WASHINGTON, April 17, 2017 – “Make sure you are counted.”
That’s the message USDA’s National Agricultural Statistics Service is trying to get across to America’s farmers and ranchers as NASS prepares for the 2017 Census of Agriculture. Conducted every five years, the Census aims to get a complete count of all U.S. farms and ranches and those who operate them.
New producers who did not receive a Census of Agriculture in 2012 still have time to sign up to receive the 2017 report form by visiting www.agcensus.usda.gov and clicking on the “Make Sure You Are Counted” button through June. NASS defines a farm as any place from which $1,000 or more of agricultural products were produced and sold, or normally would have been sold, during the census year (2017).
“The Census of Agriculture remains the only source of uniform, comprehensive, and impartial agriculture data for every county in the nation,” said NASS Administrator Hubert Hamer. “As such, census results are relied upon heavily by those who serve farmers and rural communities, including federal, state and local governments, agribusinesses, trade associations, extension educators, researchers, and farmers and ranchers themselves.”
Data from the census are used by federal, state and local governments, agribusinesses, trade associations and just about any organization which serve farmers and rural communities. Producers can use census date to help make informed decisions about the future of their own operations, NASS says on its website. Companies and co-ops can use the facts and figures to help find the right location for facilities serving ag producers. Community planners use the information to target services needed for rural residents. And lawmakers use information from the census to help shape farm policies and programs.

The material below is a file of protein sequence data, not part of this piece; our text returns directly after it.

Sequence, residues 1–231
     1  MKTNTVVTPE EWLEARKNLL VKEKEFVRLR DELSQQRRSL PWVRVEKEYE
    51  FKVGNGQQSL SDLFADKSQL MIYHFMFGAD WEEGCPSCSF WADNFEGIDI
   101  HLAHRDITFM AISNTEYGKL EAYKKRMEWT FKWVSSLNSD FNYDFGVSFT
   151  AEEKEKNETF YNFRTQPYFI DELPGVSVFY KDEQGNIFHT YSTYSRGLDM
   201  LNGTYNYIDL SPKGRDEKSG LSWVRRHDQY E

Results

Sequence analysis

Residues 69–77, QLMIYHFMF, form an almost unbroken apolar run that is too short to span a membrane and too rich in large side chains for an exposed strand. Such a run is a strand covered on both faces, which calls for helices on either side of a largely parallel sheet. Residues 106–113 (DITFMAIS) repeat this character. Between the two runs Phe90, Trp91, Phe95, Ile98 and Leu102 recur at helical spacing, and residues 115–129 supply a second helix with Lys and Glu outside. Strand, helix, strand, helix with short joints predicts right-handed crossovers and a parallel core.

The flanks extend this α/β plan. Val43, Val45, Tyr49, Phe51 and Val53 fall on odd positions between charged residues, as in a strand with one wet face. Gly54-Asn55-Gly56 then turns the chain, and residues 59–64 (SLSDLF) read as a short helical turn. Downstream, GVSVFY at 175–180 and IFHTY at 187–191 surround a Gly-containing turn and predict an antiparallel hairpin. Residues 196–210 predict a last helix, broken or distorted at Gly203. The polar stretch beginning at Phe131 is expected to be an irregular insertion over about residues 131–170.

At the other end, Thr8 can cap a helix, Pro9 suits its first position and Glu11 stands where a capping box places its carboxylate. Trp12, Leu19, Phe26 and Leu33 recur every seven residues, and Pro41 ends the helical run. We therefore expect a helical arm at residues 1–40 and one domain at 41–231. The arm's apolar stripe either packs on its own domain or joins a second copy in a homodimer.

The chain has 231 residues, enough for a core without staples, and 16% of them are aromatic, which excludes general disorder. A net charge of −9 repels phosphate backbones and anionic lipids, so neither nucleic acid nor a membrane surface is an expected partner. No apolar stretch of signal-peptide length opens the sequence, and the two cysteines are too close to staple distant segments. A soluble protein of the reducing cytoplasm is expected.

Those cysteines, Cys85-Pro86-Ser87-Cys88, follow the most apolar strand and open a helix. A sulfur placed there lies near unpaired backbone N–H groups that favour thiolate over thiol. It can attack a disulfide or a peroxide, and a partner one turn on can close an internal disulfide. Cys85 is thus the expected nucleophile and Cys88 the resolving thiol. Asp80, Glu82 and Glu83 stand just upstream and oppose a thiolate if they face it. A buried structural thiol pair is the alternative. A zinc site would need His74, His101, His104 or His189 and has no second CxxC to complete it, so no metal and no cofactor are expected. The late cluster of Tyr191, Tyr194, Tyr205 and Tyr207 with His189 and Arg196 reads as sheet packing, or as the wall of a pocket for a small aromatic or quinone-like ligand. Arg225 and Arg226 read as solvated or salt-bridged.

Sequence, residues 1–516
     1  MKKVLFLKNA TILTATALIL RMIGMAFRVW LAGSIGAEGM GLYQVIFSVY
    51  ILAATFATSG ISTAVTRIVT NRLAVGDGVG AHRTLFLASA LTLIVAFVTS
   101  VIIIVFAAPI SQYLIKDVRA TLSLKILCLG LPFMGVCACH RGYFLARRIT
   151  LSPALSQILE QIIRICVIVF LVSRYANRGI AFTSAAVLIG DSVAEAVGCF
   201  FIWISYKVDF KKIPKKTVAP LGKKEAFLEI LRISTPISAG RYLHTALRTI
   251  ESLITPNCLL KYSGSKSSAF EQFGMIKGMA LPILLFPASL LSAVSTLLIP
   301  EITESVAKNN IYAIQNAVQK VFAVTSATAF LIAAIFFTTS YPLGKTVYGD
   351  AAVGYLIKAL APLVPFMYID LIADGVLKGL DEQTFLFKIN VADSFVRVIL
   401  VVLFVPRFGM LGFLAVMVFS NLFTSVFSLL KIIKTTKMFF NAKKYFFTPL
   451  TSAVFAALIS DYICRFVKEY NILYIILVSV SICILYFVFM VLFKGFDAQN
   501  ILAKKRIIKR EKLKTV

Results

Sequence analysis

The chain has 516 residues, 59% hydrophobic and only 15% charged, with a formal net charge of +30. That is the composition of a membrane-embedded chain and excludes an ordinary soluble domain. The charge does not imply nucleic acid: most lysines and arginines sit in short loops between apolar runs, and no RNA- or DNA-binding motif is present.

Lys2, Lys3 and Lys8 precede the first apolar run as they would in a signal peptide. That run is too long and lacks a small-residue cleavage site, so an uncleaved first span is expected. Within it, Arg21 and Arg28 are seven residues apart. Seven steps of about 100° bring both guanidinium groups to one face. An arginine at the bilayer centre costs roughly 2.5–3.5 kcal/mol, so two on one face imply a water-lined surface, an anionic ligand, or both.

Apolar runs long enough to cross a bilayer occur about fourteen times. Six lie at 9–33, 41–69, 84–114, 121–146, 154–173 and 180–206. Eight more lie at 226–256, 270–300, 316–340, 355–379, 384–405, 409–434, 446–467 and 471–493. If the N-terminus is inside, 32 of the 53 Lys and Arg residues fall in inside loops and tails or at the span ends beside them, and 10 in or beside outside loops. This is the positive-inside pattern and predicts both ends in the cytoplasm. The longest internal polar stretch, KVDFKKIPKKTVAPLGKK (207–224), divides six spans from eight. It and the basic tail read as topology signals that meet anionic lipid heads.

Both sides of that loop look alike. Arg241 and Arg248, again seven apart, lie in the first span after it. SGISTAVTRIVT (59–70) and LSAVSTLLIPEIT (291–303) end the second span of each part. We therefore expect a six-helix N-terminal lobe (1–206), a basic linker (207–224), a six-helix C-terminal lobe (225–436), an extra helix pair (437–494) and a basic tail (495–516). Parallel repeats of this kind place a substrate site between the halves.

NASS will mail questionnaires for the 2017 census to farm and ranch operators in December to collect data for the 2017 calendar year. Completed forms are due by February. Respondents can complete the Census online at www.agcensus.usda.gov or return their forms by mail. NASS plans to release Census of Agriculture data, in both electronic and print formats, beginning in February 2019. Detailed reports will be published for all counties, states and the nation.
“Today, when data are so important, there is strength in numbers,” said Hamer. “For farmers and ranchers, participation in the 2017 Census of Agriculture is their voice, their future, and their opportunity to shape American agriculture – its policies, services, and assistance programs – for years to come.”
The Census of Agriculture highlights land use and ownership, operator characteristics, production practices, income and expenditures, and other topics. The 2012 Census revealed that over 3 million farmers operated more than 2 million farms, spanning over 914 million acres. This was a 4 percent decrease in the number of U.S. farms from the previous census in 2007. However, agriculture sales, income, and expenses increased between 2007 and 2012. NASS says this information and thousands of other agriculture statistics are a direct result of responses to the Census of Agriculture.
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